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The 124 governments of the UN Convention on the Conservation of Migratory Species of Wild Animals (CMS) have taken action toward protecting six shark species. The decision came at the end of the week-long 12th Conference of the Parties (CoP12) in Manila on Saturday, October 28.
The governments of Honduras, Israel, Mauritania, Monaco, the Philippines, Samoa, Senegal, Sri Lanka, and Togo proposed six species—whale sharks, angel sharks, white-spotted wedgefish, common guitarfish, dusky sharks, and blue sharks – for protection through addition to the CMS lists, known as appendices.
Appendix I prohibits the catch of any of these endangered species from any place they migrate, and Appendix II identifies the shark species most in need of conservation action, encouraging cooperation to properly manage and protect the species throughout their migratory range.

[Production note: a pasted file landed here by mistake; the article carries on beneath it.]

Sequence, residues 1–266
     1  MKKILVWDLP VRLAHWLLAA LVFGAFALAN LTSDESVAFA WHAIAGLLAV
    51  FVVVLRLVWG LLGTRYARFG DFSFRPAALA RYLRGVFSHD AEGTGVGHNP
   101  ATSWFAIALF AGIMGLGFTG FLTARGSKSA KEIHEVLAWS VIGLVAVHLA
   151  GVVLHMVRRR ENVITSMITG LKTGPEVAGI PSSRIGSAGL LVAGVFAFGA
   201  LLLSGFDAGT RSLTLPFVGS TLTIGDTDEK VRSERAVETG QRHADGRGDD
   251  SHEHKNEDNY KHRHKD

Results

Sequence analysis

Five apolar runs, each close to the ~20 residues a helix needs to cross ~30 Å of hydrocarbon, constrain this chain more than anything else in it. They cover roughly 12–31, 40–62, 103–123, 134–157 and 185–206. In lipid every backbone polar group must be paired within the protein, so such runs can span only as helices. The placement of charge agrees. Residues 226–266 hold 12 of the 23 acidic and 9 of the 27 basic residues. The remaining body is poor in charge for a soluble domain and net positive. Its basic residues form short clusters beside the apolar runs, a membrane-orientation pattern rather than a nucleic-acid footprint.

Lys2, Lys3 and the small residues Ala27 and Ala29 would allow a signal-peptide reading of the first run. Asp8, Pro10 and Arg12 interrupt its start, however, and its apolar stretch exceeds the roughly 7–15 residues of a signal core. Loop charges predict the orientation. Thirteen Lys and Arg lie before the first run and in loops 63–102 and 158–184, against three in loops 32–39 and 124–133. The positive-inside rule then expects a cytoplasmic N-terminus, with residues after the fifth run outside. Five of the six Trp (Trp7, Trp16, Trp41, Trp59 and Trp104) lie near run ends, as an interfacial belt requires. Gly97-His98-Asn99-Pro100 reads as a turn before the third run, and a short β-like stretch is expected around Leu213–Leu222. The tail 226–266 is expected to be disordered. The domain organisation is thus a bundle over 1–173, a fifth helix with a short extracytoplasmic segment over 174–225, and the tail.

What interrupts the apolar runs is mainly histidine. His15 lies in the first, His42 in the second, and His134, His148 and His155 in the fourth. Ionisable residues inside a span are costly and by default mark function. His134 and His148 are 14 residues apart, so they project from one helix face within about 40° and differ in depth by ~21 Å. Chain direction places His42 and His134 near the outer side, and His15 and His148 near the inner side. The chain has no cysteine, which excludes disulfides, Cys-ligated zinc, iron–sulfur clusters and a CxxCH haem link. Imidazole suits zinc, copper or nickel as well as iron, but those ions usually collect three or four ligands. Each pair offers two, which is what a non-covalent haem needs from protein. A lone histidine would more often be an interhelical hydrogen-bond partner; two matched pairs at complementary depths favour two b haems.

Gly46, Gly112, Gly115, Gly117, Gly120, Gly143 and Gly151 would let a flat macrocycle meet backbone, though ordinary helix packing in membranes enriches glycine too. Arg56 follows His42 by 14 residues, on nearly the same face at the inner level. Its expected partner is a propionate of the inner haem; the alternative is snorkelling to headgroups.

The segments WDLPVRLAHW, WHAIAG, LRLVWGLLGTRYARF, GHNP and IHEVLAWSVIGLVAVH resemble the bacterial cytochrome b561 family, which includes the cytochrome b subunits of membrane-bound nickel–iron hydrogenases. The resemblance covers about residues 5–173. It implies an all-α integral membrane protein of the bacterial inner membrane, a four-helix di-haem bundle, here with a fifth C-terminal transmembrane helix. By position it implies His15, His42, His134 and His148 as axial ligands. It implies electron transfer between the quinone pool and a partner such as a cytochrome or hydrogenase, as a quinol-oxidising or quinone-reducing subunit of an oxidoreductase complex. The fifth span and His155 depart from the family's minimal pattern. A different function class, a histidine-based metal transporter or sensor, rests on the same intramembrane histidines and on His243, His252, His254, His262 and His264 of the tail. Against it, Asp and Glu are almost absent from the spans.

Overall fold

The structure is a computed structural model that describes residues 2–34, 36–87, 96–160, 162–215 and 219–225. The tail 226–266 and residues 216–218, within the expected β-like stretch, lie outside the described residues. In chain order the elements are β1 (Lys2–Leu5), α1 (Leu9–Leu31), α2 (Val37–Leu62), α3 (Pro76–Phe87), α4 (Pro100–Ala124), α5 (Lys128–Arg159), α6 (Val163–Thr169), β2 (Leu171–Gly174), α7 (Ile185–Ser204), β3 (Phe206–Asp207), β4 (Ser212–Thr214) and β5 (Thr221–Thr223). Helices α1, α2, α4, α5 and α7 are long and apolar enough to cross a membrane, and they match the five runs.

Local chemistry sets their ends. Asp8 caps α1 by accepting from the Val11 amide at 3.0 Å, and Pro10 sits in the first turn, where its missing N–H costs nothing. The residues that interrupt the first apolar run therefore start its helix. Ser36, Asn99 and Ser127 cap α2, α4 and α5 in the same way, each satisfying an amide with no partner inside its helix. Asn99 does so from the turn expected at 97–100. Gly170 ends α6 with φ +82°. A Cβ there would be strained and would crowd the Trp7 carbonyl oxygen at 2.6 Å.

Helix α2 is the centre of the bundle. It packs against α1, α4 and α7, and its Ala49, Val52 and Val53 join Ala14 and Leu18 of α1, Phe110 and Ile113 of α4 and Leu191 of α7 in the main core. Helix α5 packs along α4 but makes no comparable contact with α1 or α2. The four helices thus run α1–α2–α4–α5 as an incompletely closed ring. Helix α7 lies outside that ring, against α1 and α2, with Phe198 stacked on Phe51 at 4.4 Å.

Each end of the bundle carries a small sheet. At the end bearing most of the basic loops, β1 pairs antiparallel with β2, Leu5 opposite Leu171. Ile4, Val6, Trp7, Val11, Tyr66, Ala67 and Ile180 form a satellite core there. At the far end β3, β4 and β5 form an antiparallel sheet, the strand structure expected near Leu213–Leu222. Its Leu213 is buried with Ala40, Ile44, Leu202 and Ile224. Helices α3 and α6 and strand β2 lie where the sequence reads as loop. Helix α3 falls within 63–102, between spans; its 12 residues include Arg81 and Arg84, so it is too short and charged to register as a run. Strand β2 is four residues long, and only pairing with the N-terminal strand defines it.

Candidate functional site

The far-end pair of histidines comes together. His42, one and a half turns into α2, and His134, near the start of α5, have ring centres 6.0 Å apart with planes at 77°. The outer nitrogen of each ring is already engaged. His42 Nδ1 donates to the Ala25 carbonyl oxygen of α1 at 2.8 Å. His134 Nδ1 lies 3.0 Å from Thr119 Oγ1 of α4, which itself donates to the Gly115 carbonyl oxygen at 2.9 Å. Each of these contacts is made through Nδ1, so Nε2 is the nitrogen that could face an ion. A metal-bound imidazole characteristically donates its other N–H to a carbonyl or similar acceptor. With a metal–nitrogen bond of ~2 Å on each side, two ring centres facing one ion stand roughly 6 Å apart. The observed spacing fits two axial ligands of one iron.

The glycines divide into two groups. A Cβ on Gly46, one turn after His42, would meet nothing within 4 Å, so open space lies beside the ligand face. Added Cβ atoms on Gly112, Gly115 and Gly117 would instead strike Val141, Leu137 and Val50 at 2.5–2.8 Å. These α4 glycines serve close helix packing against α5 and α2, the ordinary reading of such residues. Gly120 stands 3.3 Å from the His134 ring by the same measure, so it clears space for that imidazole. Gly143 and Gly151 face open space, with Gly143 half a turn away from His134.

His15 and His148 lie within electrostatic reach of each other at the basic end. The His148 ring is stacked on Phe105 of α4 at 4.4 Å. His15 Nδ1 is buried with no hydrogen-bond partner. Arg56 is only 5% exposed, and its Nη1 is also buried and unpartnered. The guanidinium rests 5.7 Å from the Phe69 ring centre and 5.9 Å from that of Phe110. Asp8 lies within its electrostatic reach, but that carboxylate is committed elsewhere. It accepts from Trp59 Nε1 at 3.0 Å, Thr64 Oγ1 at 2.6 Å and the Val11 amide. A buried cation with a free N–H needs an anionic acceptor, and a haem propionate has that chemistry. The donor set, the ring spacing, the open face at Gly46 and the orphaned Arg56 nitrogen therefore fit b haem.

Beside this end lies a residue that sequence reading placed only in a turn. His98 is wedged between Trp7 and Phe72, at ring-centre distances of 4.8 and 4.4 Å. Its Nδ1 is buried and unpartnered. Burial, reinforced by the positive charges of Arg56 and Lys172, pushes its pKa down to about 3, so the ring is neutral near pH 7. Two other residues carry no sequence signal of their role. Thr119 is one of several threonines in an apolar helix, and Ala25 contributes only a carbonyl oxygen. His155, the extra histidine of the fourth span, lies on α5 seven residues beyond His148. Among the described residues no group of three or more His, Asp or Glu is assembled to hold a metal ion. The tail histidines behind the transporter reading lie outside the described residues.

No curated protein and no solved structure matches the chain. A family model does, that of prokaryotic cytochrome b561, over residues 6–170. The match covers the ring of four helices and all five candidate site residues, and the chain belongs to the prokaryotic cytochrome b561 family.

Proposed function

Whale sharks, angel sharks, and common guitarfish in the Mediterranean were placed on Appendix I and dusky, angel and blue sharks, white-spotted wedgefish, and common guitarfish globally on Appendix II.
“The momentum for protecting sharks continues to build, thanks to the significant step CMS members have taken toward better management of six at-risk shark species,” said Kerri Lynn Miller, a conservation expert on Pew Charitable Trusts shark conservation project.
“These species, like many others, are migratory, even those that spend part of their lives in protected waters, leaving them vulnerable to various types of fishing gear. In some regions, the newly protected shark species have experienced population declines of 50 percent or more.”
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